Defense and Defense Mechanisms

If Indians and Japanese, Poles and Latvians, Israelis and Saudis are convinced that the United States damaged its deterrence and invited aggression — and that they must adjust their own policies accordingly — it almost doesn’t matter if Obama is right in insisting that Putin and Xi Jinping took no cues from him. The global conventional wisdom has created its own reality. Recent events have been reinforcing: If the president believes Putin’s recent military adventure in Syria had nothing to do with the 2013 decision, he is virtually alone.

So observes veteran foreign policy pundit Jackson Diehl, who says that at the time of the Syria reversal he was willing to believe the President might have “stumbled into a tactical victory,” but that he now sides with area experts and foreign ministers who hold the opposite view.

Diehl assesses the Obama Doctrine, or Jeffrey Goldberg’s Obama’s Obama Doctrine, as, in a word, neurotic – as much a psychological construct or defense mechanism as a policy – enabling the President to minimize the importance of any setbacks, the alternative being emotionally intolerable:

In fact, despite his protestations, Obama seems to be haunted by his Syrian retreat — so much so that he has concocted a kind of negative doctrine around it. It is, says Goldberg, that the Middle East “is no longer terribly important to American interests”; that even if it is, there is little the United States can do “to make it a better place”; and that any attempt to do so leads only to war and “the eventual hemorrhaging of U.S. credibility and power.”

For Diehl, Obama’s subsequent policy decisions – foremost his “dispatching 4,000 troops and and scores of warplanes … to fight the Islamic State” – contradict the contradiction. The contemporaneous evidence, from the vulgar statement of dismay and surprise by Secretary of State Kerry to the President’s own self-contradictory rhetoric, indicates that, whatever else the Syria reversal was, and however much pride the President now takes in throwing out the “Washington playbook,” the decision, or retraction of decision, was far from any carefully executed implementation of a well-thought out plan.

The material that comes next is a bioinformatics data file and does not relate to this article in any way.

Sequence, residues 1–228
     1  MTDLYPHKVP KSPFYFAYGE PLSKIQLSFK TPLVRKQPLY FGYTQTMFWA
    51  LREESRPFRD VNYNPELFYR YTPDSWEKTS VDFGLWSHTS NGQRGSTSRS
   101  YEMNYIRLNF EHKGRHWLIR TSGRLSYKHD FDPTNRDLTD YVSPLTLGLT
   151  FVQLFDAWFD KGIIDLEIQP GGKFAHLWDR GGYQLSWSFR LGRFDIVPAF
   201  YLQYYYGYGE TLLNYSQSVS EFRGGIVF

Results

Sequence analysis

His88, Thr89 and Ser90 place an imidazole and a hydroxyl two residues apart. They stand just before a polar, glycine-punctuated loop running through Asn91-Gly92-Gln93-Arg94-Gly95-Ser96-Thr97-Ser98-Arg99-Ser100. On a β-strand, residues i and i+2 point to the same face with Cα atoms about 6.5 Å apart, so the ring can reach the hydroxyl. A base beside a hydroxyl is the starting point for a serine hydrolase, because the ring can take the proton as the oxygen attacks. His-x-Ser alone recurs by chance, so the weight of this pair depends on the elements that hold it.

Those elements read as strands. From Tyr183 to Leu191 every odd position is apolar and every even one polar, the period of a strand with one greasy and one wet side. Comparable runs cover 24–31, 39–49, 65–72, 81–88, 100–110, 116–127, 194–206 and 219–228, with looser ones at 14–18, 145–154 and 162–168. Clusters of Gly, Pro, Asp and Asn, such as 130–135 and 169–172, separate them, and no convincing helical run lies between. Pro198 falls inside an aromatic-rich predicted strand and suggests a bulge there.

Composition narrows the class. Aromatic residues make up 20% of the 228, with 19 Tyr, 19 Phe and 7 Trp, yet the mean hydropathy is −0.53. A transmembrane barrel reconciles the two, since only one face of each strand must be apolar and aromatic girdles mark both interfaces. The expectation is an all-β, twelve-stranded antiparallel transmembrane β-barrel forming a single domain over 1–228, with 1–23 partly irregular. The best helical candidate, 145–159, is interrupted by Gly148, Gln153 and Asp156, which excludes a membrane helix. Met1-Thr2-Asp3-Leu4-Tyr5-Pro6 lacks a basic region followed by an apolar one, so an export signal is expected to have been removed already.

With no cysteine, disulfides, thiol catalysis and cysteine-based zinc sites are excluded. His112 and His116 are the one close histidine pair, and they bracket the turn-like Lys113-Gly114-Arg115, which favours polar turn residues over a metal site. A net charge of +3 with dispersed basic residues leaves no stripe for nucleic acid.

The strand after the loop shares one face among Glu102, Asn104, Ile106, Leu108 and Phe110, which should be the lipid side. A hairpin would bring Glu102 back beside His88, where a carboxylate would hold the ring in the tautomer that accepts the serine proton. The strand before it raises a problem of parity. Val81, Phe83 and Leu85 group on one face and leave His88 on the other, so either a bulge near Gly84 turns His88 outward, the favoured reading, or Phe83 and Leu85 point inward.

Aside from having appeared inept at the time, and appearing defensive now, the President complicates his own argument, and the predicaments of his allies and eventually of his successor, in multiple ways. Unlike regime change and its alternatives in Syria, getting to a nuclear deal with Iran was a focus of Obama foreign policy, but it went largely un-discussed in “The Obama Doctrine.” Intervention against Assad, and therefore against Iran’s as well as Russia’s client, was thought likely to imperil the negotiations (in which Russia was also formally a party), and that factor may have explained Obama’s reticence as much as any broad historical-theoretical perspective on the region and its meaning for the U.S. Yet the President cannot expect much credit for or even take much pride in an accomplishment in a region where there is nothing for us to accomplish.

As for U.S. allies in the “no longer terribly important region,” they might be expected to look to their own defenses – and defense mechanisms. The headlines lately, as at many times over the last 50 years at least suggest that this region has a way of becoming very terribly important in an instant, whether by light of one or another pseudo-objective analysis it should be or not. People who get the feeling they are no longer held to be terribly important… can be like that.

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  1. Question of why the west is terribly important to that region & whether that should continue would be welcome. Perhaps even discussion about that history & where things appear headed on this continued course, conducted between the people of that region and of the west, could be of value.

    Pity there’s all those damn gatekeepers & rulers in the way…